NIH Awards Colorado State University Researcher $1.5 Million to Study Environmental Influences on Parkinson’s Disease

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Too much manganese, a naturally occurring heavy metal that assists human physiological function, may contribute to the kind of inflammation in neurological cells that contributes to Parkinson’s disease.

Thanks to a $1.5 million grant from the National Institutes of Health, Ron Tjalkens, associate professor at Colorado State University, will spend the next five years investigating such environmental influences as manganese on brain degeneration.

Tjalkens, who is in the Department of Environmental and Radiological Health Sciences in the College of Veterinary Medicine and Biomedical Sciences at CSU, is one of a growing number of investigators examining the non-neuronal cells of the brain known as glial cells, which support the basic functions of neurons. Glial cells also appear to create the inflammatory response in brain cells that can lead to neurodegenerative diseases such as Parkinson’s.

Tjalkens compared it to chronic arthritis, but in the brain.

“Glial cells are the least understood aspect of neurological disease,” Tjalkens said. “With stroke, spinal cord injuries, whenever you stress or injure neurons, all the surrounding support cells known as glial cells start to acquire a long-term inflammatory state where they activate and produce substances that further damage the neurons.

“They’re functionally coupled to neurons – they provide life support and aid in neurotransmission and blood flow and many other things,” he added. “The overarching question is what’s responsible for triggering this neuroinflammation that is involved in the progression of these neurological diseases. What are the fundamental signaling pathways that are responsible? Once you understand the fundamental pathways responsible for neuroinflammation, you know the targets to go after.”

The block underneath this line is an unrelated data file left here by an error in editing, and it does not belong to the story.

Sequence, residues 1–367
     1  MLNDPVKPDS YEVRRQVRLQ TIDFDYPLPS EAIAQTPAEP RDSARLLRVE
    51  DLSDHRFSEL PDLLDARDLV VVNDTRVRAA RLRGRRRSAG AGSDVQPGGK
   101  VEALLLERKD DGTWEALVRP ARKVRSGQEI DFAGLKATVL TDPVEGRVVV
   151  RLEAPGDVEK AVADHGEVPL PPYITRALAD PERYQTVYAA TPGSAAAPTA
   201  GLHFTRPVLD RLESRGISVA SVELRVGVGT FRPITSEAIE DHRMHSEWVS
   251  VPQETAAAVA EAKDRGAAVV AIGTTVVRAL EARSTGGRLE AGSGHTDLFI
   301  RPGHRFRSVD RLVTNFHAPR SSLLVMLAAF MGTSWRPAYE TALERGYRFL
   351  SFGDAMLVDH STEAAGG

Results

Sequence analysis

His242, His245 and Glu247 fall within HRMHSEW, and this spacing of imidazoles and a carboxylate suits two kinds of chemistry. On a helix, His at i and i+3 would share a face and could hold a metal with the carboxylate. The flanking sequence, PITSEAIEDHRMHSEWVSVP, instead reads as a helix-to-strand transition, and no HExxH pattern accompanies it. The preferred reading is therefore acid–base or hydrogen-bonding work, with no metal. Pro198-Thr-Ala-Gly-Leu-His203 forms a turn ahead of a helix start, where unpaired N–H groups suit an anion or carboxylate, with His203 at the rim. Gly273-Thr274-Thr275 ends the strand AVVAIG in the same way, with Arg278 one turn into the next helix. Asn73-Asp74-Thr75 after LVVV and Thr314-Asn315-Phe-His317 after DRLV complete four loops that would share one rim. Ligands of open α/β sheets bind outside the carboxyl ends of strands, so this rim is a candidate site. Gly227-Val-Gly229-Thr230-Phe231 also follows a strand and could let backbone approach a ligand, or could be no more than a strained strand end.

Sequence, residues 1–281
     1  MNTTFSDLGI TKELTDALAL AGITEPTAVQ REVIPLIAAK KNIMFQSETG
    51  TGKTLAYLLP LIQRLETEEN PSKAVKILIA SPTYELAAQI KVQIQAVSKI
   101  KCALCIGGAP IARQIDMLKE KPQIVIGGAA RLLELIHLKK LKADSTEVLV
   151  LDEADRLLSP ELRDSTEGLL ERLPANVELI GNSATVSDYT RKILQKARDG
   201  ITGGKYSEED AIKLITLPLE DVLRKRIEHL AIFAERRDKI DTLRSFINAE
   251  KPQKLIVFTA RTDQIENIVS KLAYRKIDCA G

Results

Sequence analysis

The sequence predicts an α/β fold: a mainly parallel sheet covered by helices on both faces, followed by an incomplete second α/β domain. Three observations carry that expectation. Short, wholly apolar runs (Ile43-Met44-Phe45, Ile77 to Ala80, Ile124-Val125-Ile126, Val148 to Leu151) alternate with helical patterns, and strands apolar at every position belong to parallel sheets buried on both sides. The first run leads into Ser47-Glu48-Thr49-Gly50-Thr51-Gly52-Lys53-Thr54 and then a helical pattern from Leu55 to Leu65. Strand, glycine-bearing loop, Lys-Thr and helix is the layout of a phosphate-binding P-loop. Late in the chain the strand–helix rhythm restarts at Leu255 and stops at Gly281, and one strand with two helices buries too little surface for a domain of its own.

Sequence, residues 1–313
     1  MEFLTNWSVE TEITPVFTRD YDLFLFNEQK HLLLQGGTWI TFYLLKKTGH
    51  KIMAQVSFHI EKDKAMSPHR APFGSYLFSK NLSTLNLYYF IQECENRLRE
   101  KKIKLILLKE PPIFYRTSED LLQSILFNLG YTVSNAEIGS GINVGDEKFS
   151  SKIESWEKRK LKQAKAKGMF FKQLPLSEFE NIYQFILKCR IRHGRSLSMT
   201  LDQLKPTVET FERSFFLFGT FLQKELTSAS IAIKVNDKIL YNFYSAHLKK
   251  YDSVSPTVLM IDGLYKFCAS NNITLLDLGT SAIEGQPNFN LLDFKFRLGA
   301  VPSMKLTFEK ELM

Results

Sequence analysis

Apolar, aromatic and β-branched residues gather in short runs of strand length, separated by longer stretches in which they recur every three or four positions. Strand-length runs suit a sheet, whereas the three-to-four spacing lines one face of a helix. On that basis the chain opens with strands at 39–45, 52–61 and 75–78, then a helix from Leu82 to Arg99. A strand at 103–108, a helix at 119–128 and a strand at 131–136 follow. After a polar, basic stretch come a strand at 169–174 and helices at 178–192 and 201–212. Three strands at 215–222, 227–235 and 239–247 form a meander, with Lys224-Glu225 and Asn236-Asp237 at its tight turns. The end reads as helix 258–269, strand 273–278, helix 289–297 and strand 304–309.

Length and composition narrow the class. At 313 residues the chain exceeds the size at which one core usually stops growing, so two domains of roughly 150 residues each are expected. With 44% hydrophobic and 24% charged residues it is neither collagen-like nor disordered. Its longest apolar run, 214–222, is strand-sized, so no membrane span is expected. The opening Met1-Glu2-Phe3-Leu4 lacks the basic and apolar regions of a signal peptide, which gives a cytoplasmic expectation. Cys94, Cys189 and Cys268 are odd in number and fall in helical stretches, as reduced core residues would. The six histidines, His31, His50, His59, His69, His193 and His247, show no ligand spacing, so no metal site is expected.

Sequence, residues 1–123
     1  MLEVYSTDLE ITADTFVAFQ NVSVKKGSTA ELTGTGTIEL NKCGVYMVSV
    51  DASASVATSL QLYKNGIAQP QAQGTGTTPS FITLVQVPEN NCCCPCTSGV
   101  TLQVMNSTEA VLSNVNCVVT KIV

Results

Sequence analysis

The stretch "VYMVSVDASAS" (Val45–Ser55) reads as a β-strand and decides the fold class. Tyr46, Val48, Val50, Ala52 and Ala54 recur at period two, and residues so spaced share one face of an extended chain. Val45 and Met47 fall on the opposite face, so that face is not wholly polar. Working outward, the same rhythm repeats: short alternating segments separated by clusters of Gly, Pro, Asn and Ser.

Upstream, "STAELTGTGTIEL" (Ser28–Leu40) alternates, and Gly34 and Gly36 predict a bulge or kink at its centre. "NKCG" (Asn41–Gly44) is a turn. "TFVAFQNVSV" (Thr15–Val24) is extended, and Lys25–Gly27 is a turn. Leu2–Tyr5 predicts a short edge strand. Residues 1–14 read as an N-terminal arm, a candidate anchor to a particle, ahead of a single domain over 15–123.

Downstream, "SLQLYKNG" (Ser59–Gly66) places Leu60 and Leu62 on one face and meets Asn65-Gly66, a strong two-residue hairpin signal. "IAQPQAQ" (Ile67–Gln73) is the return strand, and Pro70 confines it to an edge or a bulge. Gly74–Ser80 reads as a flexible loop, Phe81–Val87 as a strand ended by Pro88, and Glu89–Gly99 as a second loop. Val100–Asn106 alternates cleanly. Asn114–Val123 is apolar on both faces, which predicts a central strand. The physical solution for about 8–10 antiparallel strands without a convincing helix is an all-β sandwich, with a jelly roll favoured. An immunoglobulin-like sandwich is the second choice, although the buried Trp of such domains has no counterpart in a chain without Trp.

Tjalkens also received a separate $120,000 grant from the Michael J. Fox Foundation for Parkinson’s Research, the largest privately funded source of Parkinson’s research grants, to investigate compounds that could halt progression of the disease. Current Parkinson’s treatments only control the symptoms, while neuroprotective compounds could stop the degeneration of neurons in the brain and effectively halt the disease.

Scientists have already determined that age, genetic predisposition or environmental influences – not inherited genetic defects – are involved in most cases of Parkinson’s disease. Genetic predisposition means that many subtle changes in a person’s genome can contribute to their sensitivity to disease. Inherited genetic defects are those inherited single gene mutations that can directly cause disease.

“Low-level exposures could increase your susceptibility to disease later in life,” Tjalkens said. “We’re understanding now that it’s this cocktail of genetics, environment and age that gives many diseases.”

Manganese, for example, has been garnering significant attention for its effect on children, who absorb it more readily into their brains. That could be a factor on whether children are more susceptible to neurological disease later in life – especially when 6 percent of drinking water wells in the nation have higher than accepted levels of manganese, Tjalkens said.